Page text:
Ron Kittle

Sox Organist Nancy Faust Slated for Induction into the Baseball Reliquary’s Shrine of the Eternals

How appropriate Tommy John and Nancy Faust get inducted into the Baseball Reliquary’s Shrine of the Eternals together in Pasadena, California on July 22.

Nancy Faust is set to be honored by Baseball Reliquary’s Shire of Eternals

Lefty John was the savvy White Sox starting rotation veteran for whom rookie team organist Faust played appropriate theme music in 1970, trying to provide some entertainment for a lost 106-defeat season.

And even 48 years later, Faust — who always ad-libbed theme songs for her players — came up with John-oriented songs that she likely would have played for the tiny crowds at her center-field organ at old Comiskey Park.

“I probably played ‘Big Bad John’ or the theme for ‘Tommy,'” said Faust, the latter for the then-recent rock opera from “The Who.”  “Or maybe ‘Hang Down Your Head, Tom Dooley.'”

“I couldn’t be more honored to be on the same (induction) ceremony with Tommy John.”

The West Coast audience likely will associate John much more with his groundbreaking elbow ligament reconstruction surgery by Dr. Frank Jobe in 1974 instead of his original Sox tenure. But they’ll sure know about Faust, whom the Baseball Reliquary described as “the most famous ballpark organist in the last half century.”

Still blonde, perky, and youthful, the far north suburban Mundelein resident at nearly the same time originated the seventh-inning singalong with Harry Caray and the playing of “Na Na Na, Hey Hey, Kiss Them Good-Bye” when a Sox opposing pitcher was pulled from the game. Her 41 seasons  at the organ at two ballparks, ranging from that horrible ’70 season to the World Series champions in 2005, was a true pinpoint of joy in Chicago baseball history.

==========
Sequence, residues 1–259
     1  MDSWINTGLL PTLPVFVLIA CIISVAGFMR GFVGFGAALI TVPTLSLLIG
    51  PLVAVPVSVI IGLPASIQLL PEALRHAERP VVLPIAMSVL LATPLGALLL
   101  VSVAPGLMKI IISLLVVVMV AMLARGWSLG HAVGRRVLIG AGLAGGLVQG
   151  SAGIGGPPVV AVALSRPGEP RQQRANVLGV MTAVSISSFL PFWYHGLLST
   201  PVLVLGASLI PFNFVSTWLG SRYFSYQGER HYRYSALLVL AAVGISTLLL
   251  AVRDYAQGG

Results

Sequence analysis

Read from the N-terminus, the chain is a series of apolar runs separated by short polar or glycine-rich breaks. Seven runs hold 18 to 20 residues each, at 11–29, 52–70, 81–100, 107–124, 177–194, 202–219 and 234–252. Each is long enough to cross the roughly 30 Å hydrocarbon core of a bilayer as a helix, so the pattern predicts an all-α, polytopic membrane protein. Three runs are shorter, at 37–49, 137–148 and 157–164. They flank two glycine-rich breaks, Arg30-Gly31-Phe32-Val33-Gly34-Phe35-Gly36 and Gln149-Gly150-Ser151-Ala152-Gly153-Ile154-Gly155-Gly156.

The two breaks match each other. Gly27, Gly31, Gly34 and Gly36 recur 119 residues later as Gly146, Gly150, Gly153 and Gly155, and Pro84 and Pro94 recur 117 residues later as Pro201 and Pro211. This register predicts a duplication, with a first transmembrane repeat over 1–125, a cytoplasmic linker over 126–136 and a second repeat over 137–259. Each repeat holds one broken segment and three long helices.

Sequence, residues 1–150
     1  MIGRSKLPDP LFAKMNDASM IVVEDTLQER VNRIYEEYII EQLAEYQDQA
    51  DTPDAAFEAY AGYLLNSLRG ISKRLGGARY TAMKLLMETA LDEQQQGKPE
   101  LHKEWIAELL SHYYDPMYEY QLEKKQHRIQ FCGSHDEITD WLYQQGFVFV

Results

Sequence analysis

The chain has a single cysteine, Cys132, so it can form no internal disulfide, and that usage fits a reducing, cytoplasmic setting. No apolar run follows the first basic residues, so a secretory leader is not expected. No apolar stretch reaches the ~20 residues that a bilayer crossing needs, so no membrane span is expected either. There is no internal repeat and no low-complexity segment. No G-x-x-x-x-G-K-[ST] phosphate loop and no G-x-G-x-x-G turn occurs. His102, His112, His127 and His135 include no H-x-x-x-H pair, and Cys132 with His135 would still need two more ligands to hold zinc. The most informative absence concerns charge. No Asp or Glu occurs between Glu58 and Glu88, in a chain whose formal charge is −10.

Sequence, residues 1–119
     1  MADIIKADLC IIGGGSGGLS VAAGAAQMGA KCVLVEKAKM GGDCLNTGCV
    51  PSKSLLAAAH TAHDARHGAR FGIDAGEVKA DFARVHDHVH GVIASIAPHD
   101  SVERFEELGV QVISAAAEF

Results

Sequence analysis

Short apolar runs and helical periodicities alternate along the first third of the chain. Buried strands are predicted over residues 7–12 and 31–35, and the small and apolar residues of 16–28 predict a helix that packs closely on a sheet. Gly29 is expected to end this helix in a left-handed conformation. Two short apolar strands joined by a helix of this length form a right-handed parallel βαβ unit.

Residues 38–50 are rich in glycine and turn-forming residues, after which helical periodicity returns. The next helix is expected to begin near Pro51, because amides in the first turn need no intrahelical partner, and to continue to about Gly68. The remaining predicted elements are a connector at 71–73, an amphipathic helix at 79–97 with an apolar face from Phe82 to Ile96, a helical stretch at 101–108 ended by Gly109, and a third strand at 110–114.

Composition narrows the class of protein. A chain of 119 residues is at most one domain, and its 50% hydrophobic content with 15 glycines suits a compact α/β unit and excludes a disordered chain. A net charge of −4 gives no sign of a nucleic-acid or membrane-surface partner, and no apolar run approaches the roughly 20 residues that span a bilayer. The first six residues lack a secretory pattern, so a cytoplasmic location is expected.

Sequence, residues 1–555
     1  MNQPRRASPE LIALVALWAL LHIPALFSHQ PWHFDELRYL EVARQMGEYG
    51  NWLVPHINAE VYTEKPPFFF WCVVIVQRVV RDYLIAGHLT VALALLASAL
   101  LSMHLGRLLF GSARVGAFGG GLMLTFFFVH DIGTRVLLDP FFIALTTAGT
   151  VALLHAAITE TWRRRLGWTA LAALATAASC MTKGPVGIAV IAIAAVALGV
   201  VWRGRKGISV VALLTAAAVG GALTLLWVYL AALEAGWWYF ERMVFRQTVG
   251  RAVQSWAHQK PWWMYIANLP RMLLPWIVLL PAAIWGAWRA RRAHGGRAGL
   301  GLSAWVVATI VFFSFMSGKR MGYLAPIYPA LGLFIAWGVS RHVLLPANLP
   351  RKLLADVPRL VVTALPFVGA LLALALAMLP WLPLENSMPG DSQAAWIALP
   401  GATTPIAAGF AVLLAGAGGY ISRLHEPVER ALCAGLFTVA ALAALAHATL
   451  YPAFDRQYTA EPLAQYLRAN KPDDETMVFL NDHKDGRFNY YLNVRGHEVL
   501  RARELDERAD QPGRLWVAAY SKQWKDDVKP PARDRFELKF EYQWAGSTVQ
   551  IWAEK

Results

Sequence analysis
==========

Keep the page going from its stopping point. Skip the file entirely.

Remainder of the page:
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End game of Ron Kittle and his Harley Pooch a triumph, not a tragedy

Ron Kittle the 1983 American League  Rookie of the Year. Ron Kittle the strongman who belted rooftop homers at old Comiskey Park. Ron Kittle the ultimate self-deprecating White Sox ambassador.

All now pale thanks to social media and his own ongoing diary for Ron Kittle, the devoted “parent” to his beloved “Harley Pooch” soft-coated wheaten terrier.  Anything that preceded him in his rise to the Sox from Wirt High School in Gary, Ind. now must take a back seat to the story of the eternal boy and his dog.

Harley Pooch and devoted dad Ron Kittle at their favorite ballpark.

The scores of followers of Kittle’s Facebook site got to love the furry Harley, not Kittle’s foil in any way, but the star of the show. By the time Kittle’s better half appeared in most of his posts, he was slowed from an old injury in which he jumped up for joy one day and landed awkwardly on his back. But as winter grimly hung on in April, Harley Pooch’s health began to fail. His back legs were paralyzed, he lost his appetite and was incontinent.

Any veteran dog parent is initially in denial and tries veterinary intervention. Yet in the back of one’s mind the outcome looms. The process to end a pet’s life never gets easier, and one feels like a jerk even though it’s the right thing to do. So one Monday Kittle relayed the sad news on Facebook he had to terminate Harley’s suffering, though only after some two-way chatting as only a boy and his dog could do.

Kittle said he had his “talk” with Harley. In turn, he surely tapped into the “aura” — not proven by science quite yet — that perceptive pet owners know exists involving humans and dogs. After all, aren’t dogs employed to sniff out cancer and warn of coming epileptic seizures? Taken further, just because dogs can’t speak human language does not mean they can’t communicate clearly. Kittle got the message from Harley it was all right to let him go.

Before and after the tough call, Kittle got the word that Harley had an impact on everyone who interacted with Kittle. He was the people’s dog.

“I got well over 5,000 comments and messages,” said Kittle. “I got back to everybody.”

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